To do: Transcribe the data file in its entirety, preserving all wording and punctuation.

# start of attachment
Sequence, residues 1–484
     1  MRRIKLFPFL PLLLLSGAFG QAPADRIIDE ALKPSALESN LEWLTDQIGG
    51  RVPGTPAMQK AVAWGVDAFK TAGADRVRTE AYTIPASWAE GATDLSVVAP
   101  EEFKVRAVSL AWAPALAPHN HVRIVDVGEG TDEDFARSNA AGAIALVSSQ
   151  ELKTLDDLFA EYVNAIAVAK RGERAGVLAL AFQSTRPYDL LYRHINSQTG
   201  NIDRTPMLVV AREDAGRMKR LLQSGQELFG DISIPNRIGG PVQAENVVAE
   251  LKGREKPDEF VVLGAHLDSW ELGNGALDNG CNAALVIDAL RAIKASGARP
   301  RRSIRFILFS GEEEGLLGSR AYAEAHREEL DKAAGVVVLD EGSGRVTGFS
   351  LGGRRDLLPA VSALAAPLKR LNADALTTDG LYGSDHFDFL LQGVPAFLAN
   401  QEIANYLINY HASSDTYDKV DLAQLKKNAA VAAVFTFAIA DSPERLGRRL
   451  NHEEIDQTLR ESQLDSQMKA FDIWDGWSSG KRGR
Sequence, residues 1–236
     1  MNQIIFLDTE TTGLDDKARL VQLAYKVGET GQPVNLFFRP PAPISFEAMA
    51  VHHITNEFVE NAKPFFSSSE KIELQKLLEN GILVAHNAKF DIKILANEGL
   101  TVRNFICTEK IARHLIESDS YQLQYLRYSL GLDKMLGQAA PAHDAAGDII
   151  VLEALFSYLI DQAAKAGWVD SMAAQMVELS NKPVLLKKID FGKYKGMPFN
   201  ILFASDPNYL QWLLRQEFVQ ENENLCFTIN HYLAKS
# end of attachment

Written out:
Sequence, residues 1–484
     1  MRRIKLFPFL PLLLLSGAFG QAPADRIIDE ALKPSALESN LEWLTDQIGG
    51  RVPGTPAMQK AVAWGVDAFK TAGADRVRTE AYTIPASWAE GATDLSVVAP
   101  EEFKVRAVSL AWAPALAPHN HVRIVDVGEG TDEDFARSNA AGAIALVSSQ
   151  ELKTLDDLFA EYVNAIAVAK RGERAGVLAL AFQSTRPYDL LYRHINSQTG
   201  NIDRTPMLVV AREDAGRMKR LLQSGQELFG DISIPNRIGG PVQAENVVAE
   251  LKGREKPDEF VVLGAHLDSW ELGNGALDNG CNAALVIDAL RAIKASGARP
   301  RRSIRFILFS GEEEGLLGSR AYAEAHREEL DKAAGVVVLD EGSGRVTGFS
   351  LGGRRDLLPA VSALAAPLKR LNADALTTDG LYGSDHFDFL LQGVPAFLAN
   401  QEIANYLINY HASSDTYDKV DLAQLKKNAA VAAVFTFAIA DSPERLGRRL
   451  NHEEIDQTLR ESQLDSQMKA FDIWDGWSSG KRGR
Sequence, residues 1–236
     1  MNQIIFLDTE TTGLDDKARL VQLAYKVGET GQPVNLFFRP PAPISFEAMA
    51  VHHITNEFVE NAKPFFSSSE KIELQKLLEN GILVAHNAKF DIKILANEGL
   101  TVRNFICTEK IARHLIESDS YQLQYLRYSL GLDKMLGQAA PAHDAAGDII
   151  VLEALFSYLI DQAAKAGWVD SMAAQMVELS NKPVLLKKID FGKYKGMPFN
   201  ILFASDPNYL QWLLRQEFVQ ENENLCFTIN HYLAKS